Its a matter of public record…and it should give you cause to think.

• takebackthegreen says:

Your argumentation demonstrates why allowing politics into what should be a scientific debate is a distracting waste of time. “Politics” is philosophical, not scientific. Discussing Nazism is the ultimate distraction. I’m enabling it by replying, but one final try:
1) I didn’t say you called anyone a Nazi. Straw man argument.
2) You didn’t “merely…” anything. The takeaway: The politics of CAGW-ers and Climate Realists is not important. The science is. How many times does that have to be said? As an anti-theist, climate realist, pro-GMO, anti-organic, evolution-accepting, scientifically literate person, I find myself allied with all portions of the political spectrum at different times. If I didn’t set politics aside, it would be madness.
3) Immigration. Another non-scientific example.
4) People of all persuasions, including Libertarian, try to shut down debates they can’t win. Human nature plus social training.
5) It is intrinsically self-serving to decide for one’s self that one’s own experience is the “final straw.” Worse, that one’s enemies are as bad as genocidal maniacs. It distracts from the issue, gives attention to opponents, and loses sympathy. There’s a reason behind the saying “Take the high road.” (I also said I understand and sympathize with Monckton’s anger.)
6) It is fallacious to pretend you know the minds of victims of Nazism. That’s why I suggested you actually ask. Test your hypothesis. I predict you will find yourself and your question very unpopular.
7) Before I studied the CAGW issue for myself and realized my former opinion was wrong, I saw and read several interviews with Schneider and had the same opinion then that I do now. He was a bitchy, sarcastic, snide, hateful and unpleasant person who only harmed his side. (The clips of him in “Cool It” are fairly representative.)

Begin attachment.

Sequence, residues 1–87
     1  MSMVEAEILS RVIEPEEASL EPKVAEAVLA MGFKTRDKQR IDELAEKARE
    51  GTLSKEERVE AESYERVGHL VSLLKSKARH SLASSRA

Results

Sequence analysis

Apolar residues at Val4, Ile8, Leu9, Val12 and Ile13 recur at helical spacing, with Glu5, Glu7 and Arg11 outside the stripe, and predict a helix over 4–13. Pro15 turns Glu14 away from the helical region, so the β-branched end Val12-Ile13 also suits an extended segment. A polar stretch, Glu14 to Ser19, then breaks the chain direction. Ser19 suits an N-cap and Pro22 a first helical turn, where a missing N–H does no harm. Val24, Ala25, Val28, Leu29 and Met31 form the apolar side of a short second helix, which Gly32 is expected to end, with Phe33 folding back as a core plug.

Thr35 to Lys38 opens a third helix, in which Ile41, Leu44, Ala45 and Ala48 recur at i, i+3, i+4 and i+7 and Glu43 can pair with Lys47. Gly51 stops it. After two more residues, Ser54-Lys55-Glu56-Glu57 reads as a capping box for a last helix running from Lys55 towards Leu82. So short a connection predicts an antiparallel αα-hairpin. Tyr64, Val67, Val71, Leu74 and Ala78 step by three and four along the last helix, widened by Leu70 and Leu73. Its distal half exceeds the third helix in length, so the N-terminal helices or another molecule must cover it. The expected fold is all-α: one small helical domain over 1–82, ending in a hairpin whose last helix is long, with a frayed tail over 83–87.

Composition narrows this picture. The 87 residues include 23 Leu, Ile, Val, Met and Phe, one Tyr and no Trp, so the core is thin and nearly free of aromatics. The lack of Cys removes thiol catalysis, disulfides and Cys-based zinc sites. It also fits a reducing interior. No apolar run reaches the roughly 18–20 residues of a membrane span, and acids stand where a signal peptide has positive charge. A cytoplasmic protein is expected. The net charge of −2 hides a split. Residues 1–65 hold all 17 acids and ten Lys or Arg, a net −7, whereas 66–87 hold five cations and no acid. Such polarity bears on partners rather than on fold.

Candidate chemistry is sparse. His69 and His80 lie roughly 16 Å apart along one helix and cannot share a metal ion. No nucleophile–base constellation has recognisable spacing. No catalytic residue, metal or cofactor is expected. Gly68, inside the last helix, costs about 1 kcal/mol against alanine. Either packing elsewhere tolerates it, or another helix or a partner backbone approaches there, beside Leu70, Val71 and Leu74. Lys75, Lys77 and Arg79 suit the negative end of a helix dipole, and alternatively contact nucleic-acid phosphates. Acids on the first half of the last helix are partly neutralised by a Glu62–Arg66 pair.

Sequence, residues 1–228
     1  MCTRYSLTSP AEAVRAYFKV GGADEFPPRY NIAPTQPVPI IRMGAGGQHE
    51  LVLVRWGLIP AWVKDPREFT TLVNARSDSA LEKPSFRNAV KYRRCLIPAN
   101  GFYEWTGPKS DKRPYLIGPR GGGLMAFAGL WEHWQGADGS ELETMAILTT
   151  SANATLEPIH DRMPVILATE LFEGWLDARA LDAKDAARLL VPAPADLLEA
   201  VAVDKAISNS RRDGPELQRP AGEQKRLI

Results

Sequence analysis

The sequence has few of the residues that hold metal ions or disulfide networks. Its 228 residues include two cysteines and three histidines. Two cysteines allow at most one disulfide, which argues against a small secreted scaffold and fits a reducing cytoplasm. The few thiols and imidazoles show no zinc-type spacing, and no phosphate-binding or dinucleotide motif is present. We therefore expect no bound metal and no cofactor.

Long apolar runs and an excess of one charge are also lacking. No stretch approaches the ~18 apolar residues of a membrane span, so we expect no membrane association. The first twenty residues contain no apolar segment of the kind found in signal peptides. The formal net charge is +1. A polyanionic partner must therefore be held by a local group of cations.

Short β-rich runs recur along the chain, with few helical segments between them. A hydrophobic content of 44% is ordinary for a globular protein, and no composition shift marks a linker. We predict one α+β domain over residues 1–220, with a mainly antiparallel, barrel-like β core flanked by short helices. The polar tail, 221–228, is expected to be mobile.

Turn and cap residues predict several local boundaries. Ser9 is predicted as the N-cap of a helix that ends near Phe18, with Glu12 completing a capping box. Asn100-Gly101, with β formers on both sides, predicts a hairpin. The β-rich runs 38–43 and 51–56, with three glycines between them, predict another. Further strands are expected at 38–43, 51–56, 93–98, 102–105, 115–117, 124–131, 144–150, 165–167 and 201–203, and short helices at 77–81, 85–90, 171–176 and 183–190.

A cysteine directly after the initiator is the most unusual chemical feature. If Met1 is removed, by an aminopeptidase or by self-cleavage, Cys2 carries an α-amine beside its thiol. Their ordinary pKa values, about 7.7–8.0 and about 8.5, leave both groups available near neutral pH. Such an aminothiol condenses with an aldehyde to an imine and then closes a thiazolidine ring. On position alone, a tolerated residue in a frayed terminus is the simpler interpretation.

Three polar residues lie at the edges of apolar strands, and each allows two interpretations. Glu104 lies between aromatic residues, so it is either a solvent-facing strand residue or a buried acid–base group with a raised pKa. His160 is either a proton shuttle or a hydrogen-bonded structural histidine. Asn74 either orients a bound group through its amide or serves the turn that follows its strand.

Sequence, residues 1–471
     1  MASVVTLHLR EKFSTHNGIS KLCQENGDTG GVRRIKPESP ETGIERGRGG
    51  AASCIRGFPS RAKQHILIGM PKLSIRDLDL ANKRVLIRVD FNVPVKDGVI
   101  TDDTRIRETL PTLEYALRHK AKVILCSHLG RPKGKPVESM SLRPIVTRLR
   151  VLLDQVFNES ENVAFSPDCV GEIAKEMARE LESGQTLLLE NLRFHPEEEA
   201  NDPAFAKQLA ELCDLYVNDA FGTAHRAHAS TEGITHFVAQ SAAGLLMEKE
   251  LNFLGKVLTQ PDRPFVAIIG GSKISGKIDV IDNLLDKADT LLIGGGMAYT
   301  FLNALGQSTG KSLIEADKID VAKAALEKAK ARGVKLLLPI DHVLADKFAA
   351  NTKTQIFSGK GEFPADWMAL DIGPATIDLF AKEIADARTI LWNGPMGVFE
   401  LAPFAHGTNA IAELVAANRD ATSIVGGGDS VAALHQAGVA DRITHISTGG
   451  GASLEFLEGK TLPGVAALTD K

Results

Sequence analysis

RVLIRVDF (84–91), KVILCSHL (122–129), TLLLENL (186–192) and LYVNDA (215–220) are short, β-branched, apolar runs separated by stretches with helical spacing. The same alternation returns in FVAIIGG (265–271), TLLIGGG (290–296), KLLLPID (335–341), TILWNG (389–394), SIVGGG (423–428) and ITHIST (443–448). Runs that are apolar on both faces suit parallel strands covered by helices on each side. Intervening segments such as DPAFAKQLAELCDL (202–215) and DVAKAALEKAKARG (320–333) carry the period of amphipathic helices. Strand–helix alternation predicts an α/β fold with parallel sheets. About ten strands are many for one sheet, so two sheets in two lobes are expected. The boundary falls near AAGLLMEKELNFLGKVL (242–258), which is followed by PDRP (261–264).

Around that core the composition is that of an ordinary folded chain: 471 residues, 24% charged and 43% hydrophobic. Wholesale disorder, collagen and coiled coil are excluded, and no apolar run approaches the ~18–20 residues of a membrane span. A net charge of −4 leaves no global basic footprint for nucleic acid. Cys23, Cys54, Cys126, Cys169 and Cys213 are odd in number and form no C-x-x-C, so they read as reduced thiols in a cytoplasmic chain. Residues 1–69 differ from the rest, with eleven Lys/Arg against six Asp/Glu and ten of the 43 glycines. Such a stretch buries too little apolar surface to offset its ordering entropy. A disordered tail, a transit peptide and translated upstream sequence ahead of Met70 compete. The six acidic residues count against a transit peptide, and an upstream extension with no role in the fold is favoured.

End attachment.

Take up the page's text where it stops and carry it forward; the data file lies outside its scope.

Is that the standard we’re aiming for? Why should I think about him? Why shouldn’t I want people on “my side” to be better than that? Why shouldn’t we be allowed to constructively criticize our “allies” when they harm our cause?
You must realize and accept this: When skeptics make climate change into a political issue and try to win by personal attack, it is exactly as stupid as when CAGW-ers do it.
Skeptics don’t drink petroleum and CAGW-ers aren’t Nazis.

• KO says:

@takebackthegreen
Sir, odd though it may seem, we do not disagree too much:
1) I didn’t say you called anyone a Nazi. Straw man argument….
I did not say CAGW-ers were equivalent to Nazis, nor that “the Left” are. I point out some general truths about the political Left, draw attention to some nascent tendencies in the CAGW meme, and urge caution about CAGW-ers. Do you deny that?
2) You didn’t “merely…” anything. The takeaway: The politics of CAGW-ers and Climate Realists is not important…
With respect, the politics of CAGW is important the moment governments swing their weight behind the CAGW hypothesis and all the solutions that (failed) hypothesis proposes – at expense to the taxpayer and of civil liberty. Return to (1) above…